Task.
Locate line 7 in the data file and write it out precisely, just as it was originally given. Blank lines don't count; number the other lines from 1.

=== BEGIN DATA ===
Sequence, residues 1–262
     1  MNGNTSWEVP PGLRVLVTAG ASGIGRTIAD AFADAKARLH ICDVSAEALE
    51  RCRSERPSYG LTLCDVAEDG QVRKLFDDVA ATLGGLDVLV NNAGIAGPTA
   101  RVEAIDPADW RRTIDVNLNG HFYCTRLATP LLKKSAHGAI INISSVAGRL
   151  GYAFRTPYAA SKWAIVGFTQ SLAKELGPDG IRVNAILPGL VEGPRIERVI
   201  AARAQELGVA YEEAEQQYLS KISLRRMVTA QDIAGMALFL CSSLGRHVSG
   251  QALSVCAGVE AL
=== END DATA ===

   251  QALSVCAGVE AL